Never mind that most blogs, too, are penned in similarly unassuming positions. In basements, backyards by the sprinkler, and blue-lit rooms. By regular people latched onto an obsession or need. Posting carefully composed images and ideas of their personality—their thoughts too, sure, their “happenings”—but groomed in just such a way. To suggest that the image seen is the natural person. The natural person responding in the immediate way that they would.

Spell-checked. Planned and worked out all day, but posted with a time-stamp in that same ever-expanding roll, the suggestion of endless—the immediate inside-head—the careful composing read as straight, unadulterated thought by those who need the mutual buying in, the sharing of illusions.

Kerouac said that many people who met him in person, or who tracked him down looking to drink, found him, at best, disappointing. My guess is that conceit applies to most of us in the puffed-up blogosphere as well. How can you live up to the frozen images, posted in succession (over multicellular, energetical-ameoba background), posed in mid-air? How can you beat the head-scrambling heart-racing prose that you pen, alone, head-point pop-gun? How can you live up to the endlessly witty, unknowable snarkster who posts three lines of text (falling apart upon inspection), each word establishing its own trend?


The long line of bodies and heads, pressed to the road. Flat up against the curb, sneakers edging out, humanity jutting into the street. Soft middles, genitals, knees. Heads bent, turning, forward, turning again, forward. This is what a cattle line looks like, flat against the feed-troughs, waiting for it to all trickle down. Hearing it in the pipes, training their long necks up and tracking the sound. Down, tracking iii iiiitttt ttttt down.

Police line, bike cruisers. Waiting at the red, red comes off, green, going with the light; cruising for the turn, turning, hearing radio fragments, tinny little sounds: man on foot, axxxuxxe, man on foot.

Wailing red car. Something nice, flat. Flat like the back of your hand. Lights in the back, stuck out bright and red. Red circle, red circle, license plate, red circle, red circle, air, air, air (beginning the same way—air—and below the red circles ground). Hitting the pedal. It’s stop and go. He’s in neutral and doesn’t know how to use it or—pedal, pedal, loud sound. Pedal, the sound is loud. He shatters the air space. An echo sound bomb. Bouncing off concrete, brick. He puts his car into gear. He goes, so fast, he thinks. He goes, so fast, his revving into wheel power, he goes. And stops at the next light. Where he revs again. And reminds.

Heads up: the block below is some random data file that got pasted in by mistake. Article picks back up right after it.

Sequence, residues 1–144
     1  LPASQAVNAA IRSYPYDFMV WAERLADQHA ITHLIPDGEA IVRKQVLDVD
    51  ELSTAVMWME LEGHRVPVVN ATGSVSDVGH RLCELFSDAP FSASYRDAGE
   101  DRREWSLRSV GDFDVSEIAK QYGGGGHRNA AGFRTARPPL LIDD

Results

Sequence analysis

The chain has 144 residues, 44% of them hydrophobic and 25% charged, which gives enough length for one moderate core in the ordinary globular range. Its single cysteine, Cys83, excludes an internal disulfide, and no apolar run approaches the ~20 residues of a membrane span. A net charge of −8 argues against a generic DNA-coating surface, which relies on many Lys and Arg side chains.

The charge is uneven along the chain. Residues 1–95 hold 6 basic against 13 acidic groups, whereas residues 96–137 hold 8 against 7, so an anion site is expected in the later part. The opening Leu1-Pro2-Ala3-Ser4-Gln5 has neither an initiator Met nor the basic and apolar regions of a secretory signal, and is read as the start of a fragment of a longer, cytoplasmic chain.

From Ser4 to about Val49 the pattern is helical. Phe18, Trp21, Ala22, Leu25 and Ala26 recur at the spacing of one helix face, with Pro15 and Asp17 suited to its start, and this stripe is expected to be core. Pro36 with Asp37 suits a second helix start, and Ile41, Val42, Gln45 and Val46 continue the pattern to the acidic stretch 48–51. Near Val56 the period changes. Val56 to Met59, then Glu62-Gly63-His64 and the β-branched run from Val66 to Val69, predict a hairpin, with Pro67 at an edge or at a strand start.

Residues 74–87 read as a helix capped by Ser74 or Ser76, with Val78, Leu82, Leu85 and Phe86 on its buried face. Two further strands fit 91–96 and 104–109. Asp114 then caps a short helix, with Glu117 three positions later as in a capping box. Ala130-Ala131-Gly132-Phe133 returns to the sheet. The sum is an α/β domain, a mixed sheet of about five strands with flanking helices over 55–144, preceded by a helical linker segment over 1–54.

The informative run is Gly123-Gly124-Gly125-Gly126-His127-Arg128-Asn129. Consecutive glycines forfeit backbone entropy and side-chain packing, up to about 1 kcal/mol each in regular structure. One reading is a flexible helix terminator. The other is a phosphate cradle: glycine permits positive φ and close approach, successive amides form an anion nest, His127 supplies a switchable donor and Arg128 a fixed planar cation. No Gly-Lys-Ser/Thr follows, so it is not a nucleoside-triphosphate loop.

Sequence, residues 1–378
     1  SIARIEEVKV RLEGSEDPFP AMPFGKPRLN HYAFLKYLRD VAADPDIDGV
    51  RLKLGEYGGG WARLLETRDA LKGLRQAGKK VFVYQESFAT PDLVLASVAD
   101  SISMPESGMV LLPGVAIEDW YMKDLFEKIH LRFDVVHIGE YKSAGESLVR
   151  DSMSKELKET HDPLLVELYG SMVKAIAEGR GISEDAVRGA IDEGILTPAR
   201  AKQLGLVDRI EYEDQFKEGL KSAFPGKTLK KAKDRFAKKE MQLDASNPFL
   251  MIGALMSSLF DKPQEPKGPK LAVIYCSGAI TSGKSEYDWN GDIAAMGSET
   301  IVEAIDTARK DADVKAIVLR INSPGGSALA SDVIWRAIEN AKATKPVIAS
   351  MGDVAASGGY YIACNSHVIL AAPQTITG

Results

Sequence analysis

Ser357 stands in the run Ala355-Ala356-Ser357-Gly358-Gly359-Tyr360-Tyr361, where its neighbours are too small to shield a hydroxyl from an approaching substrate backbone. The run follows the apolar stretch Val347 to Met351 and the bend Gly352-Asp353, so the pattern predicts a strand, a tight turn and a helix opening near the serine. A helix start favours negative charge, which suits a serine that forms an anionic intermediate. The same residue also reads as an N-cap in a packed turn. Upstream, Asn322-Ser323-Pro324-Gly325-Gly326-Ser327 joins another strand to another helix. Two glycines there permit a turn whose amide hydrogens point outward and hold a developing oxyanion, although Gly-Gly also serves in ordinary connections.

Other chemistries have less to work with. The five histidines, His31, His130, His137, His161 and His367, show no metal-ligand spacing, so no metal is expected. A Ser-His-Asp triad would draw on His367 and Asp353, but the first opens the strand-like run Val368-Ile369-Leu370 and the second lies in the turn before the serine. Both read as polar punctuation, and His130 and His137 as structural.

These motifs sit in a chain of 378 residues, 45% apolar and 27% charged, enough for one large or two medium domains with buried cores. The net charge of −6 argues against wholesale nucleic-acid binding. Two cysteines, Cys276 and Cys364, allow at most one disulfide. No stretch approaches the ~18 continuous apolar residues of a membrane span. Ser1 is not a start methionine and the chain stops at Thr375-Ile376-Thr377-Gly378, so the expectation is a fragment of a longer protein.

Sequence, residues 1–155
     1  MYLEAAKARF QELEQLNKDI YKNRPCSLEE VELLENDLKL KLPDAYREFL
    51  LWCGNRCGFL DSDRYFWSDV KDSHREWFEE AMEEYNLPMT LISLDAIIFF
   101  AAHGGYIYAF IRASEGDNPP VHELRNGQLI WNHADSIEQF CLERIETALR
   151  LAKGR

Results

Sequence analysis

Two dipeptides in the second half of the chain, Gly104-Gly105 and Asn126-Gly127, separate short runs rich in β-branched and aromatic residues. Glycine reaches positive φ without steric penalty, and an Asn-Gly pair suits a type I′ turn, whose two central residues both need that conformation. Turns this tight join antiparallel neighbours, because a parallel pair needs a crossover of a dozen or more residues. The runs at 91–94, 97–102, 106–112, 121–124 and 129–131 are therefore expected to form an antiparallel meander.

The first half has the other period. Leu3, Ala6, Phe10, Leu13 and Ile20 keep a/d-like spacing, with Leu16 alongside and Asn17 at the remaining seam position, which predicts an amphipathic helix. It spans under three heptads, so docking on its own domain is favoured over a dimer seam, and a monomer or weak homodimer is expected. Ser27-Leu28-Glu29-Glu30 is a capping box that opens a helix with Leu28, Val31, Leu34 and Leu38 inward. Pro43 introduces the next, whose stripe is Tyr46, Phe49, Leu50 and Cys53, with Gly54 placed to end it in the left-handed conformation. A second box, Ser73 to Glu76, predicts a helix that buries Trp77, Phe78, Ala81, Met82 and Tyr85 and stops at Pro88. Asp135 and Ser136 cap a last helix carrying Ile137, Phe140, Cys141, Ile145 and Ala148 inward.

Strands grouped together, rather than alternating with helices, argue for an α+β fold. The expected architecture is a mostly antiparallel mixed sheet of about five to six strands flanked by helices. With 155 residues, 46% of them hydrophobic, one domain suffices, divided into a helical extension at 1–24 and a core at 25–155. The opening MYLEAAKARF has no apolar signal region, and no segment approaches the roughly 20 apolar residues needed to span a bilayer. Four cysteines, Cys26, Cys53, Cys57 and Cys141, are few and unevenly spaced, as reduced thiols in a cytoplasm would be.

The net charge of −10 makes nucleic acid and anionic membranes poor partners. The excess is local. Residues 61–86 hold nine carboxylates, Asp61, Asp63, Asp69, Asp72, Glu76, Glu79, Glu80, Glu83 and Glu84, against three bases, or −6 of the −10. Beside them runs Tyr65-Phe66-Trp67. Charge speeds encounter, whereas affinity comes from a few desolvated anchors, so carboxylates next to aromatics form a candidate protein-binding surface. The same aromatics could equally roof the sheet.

Hey, I can drive this thing. Hey, I can waste this fuel, I can drive this thing.

I drive this thing. You drive— what? Let me goooo.

Letting myself believe he lives at the corner, at the end of Queen. That inbred shit-rich community. ‘You walk my unsidewalked streets? Get out, you’re poor’. Driving to his dick house, his ugly wife, his kid and scowl.


We must do as the Greeks did, and reduce it all into numbers, shapes, lines. We must do as the Greeks did and boil down our thoughts into abstractions, concepts fuzzed over, vague thoughts with feel. We must do as the Greeks did and prepare our words, pre-empt them for code. What is the value of a pipe pumping feel, when you read something and your eyes light up or down? What is the value of artificial thought, vague unreal universes, if your hands are tactile, they touch, and your art is as vivid as life?

This art will be vivid, but the distance will be there. You will not lose yourself if you move around like a fourth-dimensional wo(and/or)man, if you are encouraged to occupy real space. You will not strap-in, you will not volunteer, you will be one of those who says—I do not need to be dependent, I don’t want you to put that in, I am a biological, I will stay that way, I will accept what that means.

I will make art. And speak, and love.

I will make art, and speak, and love. And my art will be rich. It will be every concept, it will pre-empt your pumped computer thought. I can think on my own! And I will, and I do, and I have.


A slow old dog crosses the street. His man waits and helps him across, goes to the door. The dog is behind, sniffing a tree, taking his time.

“Buddy, come on!” Measured dog-steps back. A wise old spectacle, cool night.

Open window at the music school, spilling yellow light into the street, the quiet behind alley. A woman playing at the piano, a homey creature: big, wearing a wine-red dress with white dots. The music, turning pages, the music. Someone behind her with a – trumpet? trombone? – watching her play, waiting, for now.

Short skirts. On just girls, girls that are just there, but it’s summer and that’s nice to see. Like the changing of the leaves, a sign you’d (before) waited for, for noted season change. Those girls seeing the man in the sweater, “MAVERICK RUGBY”, trying to make eyes. Another difference, the eyes not made, the thrill different, but it’s nice all the same. You might make eyes, I don’t mind. Those eyes are never acted on—never, but now can’t; no, don’t want—but you can make them all the same.

White shoes. Worn twice. Fresh and shine. Twin lights, in the streetlights. Past the dogs, the girls making eyes, the men and women on the patios, the street-talk, the hop of the young men, their shouts, their laughs, their cheers. Smelling the air, noting: in the summer, by the beach, it always smells fresh, like rain.